Is Hollibandisme the best Labour can offer? I fear it may be

Ed Miliband has shown he wants to change the way the country is run, but he is in danger of over-promising, just like his French counterpart

Let me try to be constructive about Ed Miliband’s big speech on the economy on Friday. It didn’t say much. He had gone to a lot of trouble over it. Worked on it for weeks. Discussed it with colleagues. Memorised it all, so that he could do his “walk and talk” act, again.

At this point I recall Labour’s former MP, Tony Wright, whose academic career was interrupted when he was selected unexpectedly for Cannock and Burntwood in 1992. “Nobody had ever talked to us like you did,” an elderly party member told him. Pleased with his compelling oratory, he asked her to elaborate. “You were like a lecturer, walking about.” We are all for natural delivery, but we have to wonder if it is the best use of a leader’s time to commit free verse to memory.

Still, David Cameron did it too when he was in opposition. I suppose it is a way of letting people know that you are taking the business of opposition seriously. So let us pay Miliband the compliment of taking this speech seriously. Let us assume that it was the considered product of deep thought and arduous preparation. And let us exhale deeply in relief that there was so little in it.

Actually, it was better than that, because there were two new banks in it. Miliband’s plan for the new economy is more competition. This is better than the alternative, even if it is not proven that there is too little competition in banking (or gas, electricity and transport). But there was little new policy in the speech. 

I know the lust for novelty is a besetting sin of British journalism. Another is the tendency to mock that French journalist in a south-bank scarf who asked the second question at François Hollande’s press conference and simply ignored the scooter and croissants. 

I also know that politicians try to resist the pressure to announce something “new”, because their interest is in repeating the same things over and over again. They know that most voters don’t notice most of what they say, so Miliband’s lines about the cost-of-living crisis and “they believe in a race to the bottom, we believe in a race to the top”, are part of what might be called a media strategy. 

There was a lot of supporting material of the “feel your pain” kind, because you cannot just string soundbites together. Life is tough. Things are expensive. People worry about how their children will get on. There is no harm in politicians explaining they understand people’s problems. It is the next bit that is worrying. “The people at the top, they seem to be doing OK.”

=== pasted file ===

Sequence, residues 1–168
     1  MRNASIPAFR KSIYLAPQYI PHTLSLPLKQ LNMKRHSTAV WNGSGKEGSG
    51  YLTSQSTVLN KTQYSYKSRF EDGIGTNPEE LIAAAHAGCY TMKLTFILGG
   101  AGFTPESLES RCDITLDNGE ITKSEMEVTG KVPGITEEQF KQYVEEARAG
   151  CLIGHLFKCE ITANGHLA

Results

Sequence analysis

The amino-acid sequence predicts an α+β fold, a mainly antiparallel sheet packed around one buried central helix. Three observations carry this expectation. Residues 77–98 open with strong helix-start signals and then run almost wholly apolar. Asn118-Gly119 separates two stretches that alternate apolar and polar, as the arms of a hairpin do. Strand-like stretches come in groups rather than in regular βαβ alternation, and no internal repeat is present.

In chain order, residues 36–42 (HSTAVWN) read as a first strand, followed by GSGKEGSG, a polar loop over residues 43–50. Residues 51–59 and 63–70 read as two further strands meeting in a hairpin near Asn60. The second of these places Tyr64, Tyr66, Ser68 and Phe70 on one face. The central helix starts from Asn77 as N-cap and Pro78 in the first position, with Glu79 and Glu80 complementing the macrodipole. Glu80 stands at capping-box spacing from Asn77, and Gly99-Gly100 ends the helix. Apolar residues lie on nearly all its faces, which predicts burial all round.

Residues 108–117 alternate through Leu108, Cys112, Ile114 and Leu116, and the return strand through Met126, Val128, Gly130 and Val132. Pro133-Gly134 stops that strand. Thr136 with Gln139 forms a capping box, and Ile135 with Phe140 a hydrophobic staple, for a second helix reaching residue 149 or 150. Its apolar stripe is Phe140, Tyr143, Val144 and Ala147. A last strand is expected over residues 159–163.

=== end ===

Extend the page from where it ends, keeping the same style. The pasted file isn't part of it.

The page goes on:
“It used to be that this country worked for ordinary people; it just doesn’t seem to any more.”

Miliband is not going to pitch a tent on the steps of St Paul’s, but there is a hint here of the Occupy ideology. And, as Michael Ignatieff pointed out last week, “The Occupy movement came and went without leaving an intellectual trace.” Perhaps that was because it was so insulting to “the 99 per cent” to suggest that they had been outwitted by the 1 per cent. 

I know many people feel strongly that something went horribly wrong in 2008 and that those  responsible ought to be brought to book and have not been. But this is scapegoat-hunting not economic analysis. Financial services are still a huge and growing source of national prosperity, and leadership means explaining this to people, not waving the biggest pitchfork.

Fortunately, however, Miliband went no further. Happy to leave the implication of a great injustice hanging over his memorised text, he concluded that something must be done, and the next Labour government would do it.

Imagine how much worse things would have been if he had spelled out in detail the “big things” that “need to change” – if, having said, “the problems are deep, the solutions need to be too”, he said what the deep solutions would be. Imagine if, having complained about “broken markets”, he had ripped up capitalism and replaced it with something else.

But no, the policies to deal with these broken markets are small, technical and phrased in the language of more competition. The challenge of changing “the way our country is run” is to be met by a reference to the Competition and Markets Authority. Thank goodness for that. Miliband is trying to maintain the same straddle that most opposition leaders do: of promising great but unspecific change, and at the same time small, believable and specific adjustments. It usually ends in tears, as the promise of change ends up with more of the same.

In France, it happened quite quickly, as François Hollande’s tax-the-rich prospectus collided with reality. One linguist in Number 10 has already coined Hollibandisme as the description of the kind of impossible promises that lead to a left-winger becoming the most unpopular leader of a government since the invention of modern opinion polling.

Miliband, to his credit, does not propose a 75p-in-the-pound top rate of income tax. But the vague promise of “big things” and “deep solutions” will lead only to trouble, either before the election or afterwards. And, if it is afterwards, I bet we don’t even get a decent sex scandal to go with it.

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